Australians Trapped in Drug Menace

.

Australians Trapped in Drug Menace

A survey conducted in partnership with Fairfax Media in November sated that a large number of invisible Australians are drinking in a large amount. This habit of excessive drinking is causing lot of harm to them and others as well.

The survey was conducted on 6,605 Australians. The results of the survey disclosed the fact that 85% of them had consumed a minimum of one illegal drug in their life time. Among these illegal drugs, the consumption of alcohol was at the top.

A large number of them were found to be drinking at a level that will cause threat. Out of the total, 37% were found to have medium level of alcoholic consumption.

All the subjects were mostly Fairfax readers. Out of the total subjects, 61% were male and more than half of them were tertiary qualified. Around 61% of them were males with earnings of more than $100,000 yearly.

Dr .Adam Winstock, the founder of Global Drug Survey and a psychiatrist, said a similar amount of alcoholic consumption was discovered in the survey as in the former studies and surveys. He said there is a misconception about a person being alcohol dependent. He explained that people believe that the people who do not wake up in the morning without shaking and sweating are alcohol dependent and if they are not they are safe.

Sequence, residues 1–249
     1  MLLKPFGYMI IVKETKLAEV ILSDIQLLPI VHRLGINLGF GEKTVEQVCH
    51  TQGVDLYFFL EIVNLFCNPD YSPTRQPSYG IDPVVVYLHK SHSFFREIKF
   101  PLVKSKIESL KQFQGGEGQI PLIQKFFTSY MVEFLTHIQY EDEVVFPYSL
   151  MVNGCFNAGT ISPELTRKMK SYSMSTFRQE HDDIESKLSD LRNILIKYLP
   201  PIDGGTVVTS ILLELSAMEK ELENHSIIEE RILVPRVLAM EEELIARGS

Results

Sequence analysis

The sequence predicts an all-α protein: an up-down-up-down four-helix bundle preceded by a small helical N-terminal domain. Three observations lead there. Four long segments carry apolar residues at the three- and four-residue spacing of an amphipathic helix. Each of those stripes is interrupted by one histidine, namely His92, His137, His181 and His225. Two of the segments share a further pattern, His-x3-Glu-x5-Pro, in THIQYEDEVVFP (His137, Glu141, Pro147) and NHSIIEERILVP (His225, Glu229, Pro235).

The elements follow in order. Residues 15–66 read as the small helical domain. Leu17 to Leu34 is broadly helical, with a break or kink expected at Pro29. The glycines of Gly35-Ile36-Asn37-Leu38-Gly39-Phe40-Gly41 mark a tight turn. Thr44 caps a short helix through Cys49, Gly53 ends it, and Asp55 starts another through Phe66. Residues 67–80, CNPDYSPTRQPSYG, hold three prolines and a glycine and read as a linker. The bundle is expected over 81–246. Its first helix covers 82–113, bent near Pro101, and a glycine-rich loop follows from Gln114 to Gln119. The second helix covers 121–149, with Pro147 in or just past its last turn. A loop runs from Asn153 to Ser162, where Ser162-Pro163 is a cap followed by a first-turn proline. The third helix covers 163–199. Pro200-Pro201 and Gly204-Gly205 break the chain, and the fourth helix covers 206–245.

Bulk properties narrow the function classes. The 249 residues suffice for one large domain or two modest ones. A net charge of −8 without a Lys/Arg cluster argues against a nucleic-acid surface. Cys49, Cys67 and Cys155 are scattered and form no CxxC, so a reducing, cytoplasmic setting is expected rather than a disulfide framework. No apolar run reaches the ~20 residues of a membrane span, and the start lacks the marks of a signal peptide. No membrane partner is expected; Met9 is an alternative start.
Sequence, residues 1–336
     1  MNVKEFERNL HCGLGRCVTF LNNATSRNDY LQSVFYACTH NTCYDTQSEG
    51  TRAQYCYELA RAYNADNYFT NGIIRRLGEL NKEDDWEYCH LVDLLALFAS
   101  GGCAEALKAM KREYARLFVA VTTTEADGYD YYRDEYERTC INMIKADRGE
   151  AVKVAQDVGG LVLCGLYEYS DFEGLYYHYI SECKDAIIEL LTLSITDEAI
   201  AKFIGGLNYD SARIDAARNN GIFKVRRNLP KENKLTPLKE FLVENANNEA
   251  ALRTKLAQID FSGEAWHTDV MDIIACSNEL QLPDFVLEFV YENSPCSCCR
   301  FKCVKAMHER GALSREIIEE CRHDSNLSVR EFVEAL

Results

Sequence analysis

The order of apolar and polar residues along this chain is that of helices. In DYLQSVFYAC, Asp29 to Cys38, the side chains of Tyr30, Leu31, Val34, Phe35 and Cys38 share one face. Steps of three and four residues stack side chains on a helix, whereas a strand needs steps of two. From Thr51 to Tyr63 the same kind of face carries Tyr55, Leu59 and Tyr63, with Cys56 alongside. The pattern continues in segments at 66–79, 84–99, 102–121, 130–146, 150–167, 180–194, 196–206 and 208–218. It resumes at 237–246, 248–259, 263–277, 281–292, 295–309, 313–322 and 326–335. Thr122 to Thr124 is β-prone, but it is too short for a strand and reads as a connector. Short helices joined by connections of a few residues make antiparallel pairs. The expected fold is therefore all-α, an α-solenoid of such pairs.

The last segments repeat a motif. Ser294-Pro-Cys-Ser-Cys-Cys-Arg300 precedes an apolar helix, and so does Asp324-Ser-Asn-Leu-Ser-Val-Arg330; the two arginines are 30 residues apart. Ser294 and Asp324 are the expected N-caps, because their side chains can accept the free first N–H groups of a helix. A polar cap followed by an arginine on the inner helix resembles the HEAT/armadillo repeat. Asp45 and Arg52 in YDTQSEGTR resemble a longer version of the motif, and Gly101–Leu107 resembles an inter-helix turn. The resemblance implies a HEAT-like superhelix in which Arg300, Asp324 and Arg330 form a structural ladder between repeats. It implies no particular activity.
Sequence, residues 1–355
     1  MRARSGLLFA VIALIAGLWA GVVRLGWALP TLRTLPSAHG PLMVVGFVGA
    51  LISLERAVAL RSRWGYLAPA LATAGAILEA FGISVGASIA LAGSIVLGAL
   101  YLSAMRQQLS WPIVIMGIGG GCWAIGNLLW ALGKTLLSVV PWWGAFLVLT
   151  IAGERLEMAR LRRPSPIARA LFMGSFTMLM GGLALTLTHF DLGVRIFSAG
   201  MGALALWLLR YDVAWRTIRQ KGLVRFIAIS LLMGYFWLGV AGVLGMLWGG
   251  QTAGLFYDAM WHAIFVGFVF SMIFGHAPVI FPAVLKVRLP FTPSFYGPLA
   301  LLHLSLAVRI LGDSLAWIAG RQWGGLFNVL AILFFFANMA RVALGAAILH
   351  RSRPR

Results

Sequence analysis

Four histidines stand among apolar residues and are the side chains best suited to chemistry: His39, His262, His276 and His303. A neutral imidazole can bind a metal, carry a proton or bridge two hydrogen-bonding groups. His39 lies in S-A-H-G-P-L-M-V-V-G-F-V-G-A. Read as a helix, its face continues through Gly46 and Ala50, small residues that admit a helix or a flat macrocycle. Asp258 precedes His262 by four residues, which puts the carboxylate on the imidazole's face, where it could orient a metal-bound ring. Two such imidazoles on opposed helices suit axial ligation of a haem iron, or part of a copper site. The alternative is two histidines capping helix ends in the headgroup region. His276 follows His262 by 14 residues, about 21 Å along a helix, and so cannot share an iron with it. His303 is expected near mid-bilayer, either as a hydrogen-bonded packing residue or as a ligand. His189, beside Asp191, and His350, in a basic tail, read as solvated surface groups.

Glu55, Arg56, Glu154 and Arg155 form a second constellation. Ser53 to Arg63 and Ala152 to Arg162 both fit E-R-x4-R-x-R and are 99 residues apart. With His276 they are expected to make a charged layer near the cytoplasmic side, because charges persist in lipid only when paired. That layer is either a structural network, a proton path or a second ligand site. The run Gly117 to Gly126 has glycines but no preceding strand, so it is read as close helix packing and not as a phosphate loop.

He rejected the perceptions and stated that a person is not able to make out if his behavior is abnormal or not if he is living in a group of heavily drunken people.


Latest News

U.S. Economic Growth Gets a Boost with New Home Building
Tesla May not Get an Opportunity to Open Stores in Michigan
Cuban role applauded by Kerry in Ebola fight
Travel restrictions can be caused by rising polio cases
Unprotected sex increases in final year of college
Amid Ebola fears in US, newspaper chooses to focus on India's 'health crisis'
Report Given by Nuclear Regulatory says Closure Plan of Yucca Mountain Meets Saf
Google’s Slowing Clicks on Ads Worry Investors and Analysts
Video games can actually help
Aussie’s chest burrowed by Bali spider
No reduction in atrial fibrillation with fish oil, new research finds
Existing protocols might not be enough for Ebola